That's what I was thinking too. Stippling could make the quilt stiff but only SID may not secure all of the cross-seams inside the squares. I'd go for the best of both worlds. It's pretty!
    Martina
    Life, Liberty, and the Pursuit of Fabric!

  13. #13
    Moderator QuiltnNan's Avatar
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    welcome to the quilting board and happy quilting
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  14. #14
    Super Member Lilrain's Avatar
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    Quote Originally Posted by Stitchnripper View Post
    Great looking quilt!! Have you ever stippled? If not, you can make some practice sandwiches and see if you like it. Stitch in the ditch is a good option too.
    Totally agree ojn this advice. Stippling looks easy, but takes some paractice. And since this is a special quilt I would practice first, so you don't end up in tears

  15. #15
    Super Member Lilrain's Avatar
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    Forgot to menthion, there are "stitch in the sitch' feet for most sewing machines. they make doing it accurately so much easier. Does your machine have one or can you get one? I love mine for my pfaff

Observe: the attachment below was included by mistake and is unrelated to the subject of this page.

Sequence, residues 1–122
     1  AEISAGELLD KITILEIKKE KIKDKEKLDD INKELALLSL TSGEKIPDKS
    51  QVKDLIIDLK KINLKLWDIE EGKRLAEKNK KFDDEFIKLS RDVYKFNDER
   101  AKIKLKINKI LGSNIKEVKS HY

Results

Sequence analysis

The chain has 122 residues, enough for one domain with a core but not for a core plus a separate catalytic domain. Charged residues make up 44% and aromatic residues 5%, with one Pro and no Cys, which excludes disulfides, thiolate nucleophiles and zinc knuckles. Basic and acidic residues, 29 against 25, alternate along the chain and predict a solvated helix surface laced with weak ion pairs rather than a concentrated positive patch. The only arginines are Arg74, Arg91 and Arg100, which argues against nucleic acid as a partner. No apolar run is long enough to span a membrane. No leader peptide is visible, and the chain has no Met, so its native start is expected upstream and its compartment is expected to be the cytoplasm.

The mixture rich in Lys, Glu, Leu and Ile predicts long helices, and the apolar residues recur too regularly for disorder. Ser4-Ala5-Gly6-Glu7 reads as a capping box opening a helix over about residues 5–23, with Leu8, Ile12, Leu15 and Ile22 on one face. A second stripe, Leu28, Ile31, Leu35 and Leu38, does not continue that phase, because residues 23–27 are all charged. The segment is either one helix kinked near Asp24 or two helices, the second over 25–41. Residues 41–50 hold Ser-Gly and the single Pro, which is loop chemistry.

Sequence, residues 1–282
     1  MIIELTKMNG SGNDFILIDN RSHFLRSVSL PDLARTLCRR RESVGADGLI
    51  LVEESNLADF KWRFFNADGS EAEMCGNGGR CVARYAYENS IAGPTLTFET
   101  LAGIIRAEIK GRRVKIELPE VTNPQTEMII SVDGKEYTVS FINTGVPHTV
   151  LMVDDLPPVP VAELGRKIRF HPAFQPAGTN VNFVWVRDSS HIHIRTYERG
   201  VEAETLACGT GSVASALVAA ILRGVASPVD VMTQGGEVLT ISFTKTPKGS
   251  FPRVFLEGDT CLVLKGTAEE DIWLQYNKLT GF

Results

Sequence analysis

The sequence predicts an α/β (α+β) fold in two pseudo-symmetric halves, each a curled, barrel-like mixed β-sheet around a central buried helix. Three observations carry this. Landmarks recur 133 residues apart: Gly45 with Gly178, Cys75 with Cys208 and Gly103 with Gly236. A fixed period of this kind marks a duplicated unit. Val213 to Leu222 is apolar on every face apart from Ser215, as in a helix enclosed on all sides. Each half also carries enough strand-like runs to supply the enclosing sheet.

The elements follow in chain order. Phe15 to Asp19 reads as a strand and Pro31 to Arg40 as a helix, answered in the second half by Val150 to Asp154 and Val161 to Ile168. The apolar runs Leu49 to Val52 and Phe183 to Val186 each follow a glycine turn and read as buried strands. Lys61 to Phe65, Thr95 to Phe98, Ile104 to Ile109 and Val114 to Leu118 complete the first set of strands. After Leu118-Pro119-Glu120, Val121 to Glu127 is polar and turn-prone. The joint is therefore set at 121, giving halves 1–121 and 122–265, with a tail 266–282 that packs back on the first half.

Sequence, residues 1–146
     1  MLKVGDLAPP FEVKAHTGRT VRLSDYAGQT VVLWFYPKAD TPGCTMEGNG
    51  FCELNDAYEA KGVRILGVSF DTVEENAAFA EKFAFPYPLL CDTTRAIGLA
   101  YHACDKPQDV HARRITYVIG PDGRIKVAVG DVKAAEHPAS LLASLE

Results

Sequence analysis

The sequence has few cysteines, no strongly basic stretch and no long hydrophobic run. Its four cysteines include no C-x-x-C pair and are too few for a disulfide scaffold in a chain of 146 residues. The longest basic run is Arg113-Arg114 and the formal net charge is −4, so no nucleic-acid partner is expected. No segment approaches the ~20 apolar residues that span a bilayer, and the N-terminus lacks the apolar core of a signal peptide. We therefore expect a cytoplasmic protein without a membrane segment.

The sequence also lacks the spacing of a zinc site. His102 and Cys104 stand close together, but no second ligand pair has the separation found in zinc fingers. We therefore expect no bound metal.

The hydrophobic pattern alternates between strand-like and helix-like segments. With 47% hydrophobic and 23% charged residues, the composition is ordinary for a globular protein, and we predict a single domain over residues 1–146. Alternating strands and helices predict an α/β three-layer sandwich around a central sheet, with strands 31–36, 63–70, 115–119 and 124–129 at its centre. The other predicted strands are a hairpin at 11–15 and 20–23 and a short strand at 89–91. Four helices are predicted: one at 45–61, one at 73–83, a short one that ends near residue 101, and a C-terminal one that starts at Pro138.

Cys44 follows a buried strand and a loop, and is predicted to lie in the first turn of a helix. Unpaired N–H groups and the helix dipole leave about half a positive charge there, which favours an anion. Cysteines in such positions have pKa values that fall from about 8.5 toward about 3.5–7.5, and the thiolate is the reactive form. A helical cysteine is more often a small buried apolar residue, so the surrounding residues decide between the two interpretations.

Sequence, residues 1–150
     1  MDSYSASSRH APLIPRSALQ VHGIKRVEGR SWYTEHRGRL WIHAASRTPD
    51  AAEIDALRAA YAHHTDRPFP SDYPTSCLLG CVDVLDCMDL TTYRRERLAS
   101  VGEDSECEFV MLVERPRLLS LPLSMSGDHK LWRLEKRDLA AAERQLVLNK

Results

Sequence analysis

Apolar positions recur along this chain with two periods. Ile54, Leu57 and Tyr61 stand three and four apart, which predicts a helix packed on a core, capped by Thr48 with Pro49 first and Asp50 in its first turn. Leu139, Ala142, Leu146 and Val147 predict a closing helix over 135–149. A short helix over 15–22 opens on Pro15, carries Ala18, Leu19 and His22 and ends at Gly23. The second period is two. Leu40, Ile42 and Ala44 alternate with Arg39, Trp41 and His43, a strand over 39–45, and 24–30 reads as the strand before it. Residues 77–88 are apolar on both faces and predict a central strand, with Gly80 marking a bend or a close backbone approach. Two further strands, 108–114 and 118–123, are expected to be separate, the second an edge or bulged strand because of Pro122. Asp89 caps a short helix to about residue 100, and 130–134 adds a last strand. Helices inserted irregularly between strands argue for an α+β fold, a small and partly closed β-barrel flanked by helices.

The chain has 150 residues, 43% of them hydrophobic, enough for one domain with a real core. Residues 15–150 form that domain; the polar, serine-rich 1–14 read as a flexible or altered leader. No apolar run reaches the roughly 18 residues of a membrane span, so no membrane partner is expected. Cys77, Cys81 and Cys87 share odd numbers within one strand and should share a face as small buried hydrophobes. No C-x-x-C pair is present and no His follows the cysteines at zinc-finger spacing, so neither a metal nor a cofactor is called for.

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    Quote Originally Posted by MadQuilter View Post
    That's what I was thinking too. Stippling could make the quilt stiff but only SID may not secure all of the cross-seams inside the squares. I'd go for the best of both worlds. It's pretty!
    I agree with stippling.. will make it hold up better. I love your fabrics. I think you did an awesome job!

  17. #17
    Super Member Peckish's Avatar
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    I would either stipple or stitch NOT in the ditch, lol. I've always found stitching IN the ditch to be very difficult, so I'd recommend a straight stitch 1/4" out from the seams, like this: (scroll down to the 3rd picture for a close-up)

    http://www.redpepperquilts.com/2012/...ume-quilt.html

  18. #18
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    just a suggestion you may want to check out Leah Days website on free motion quilting..she has great videos and instruction

  19. #19
    Super Member Pinkiris's Avatar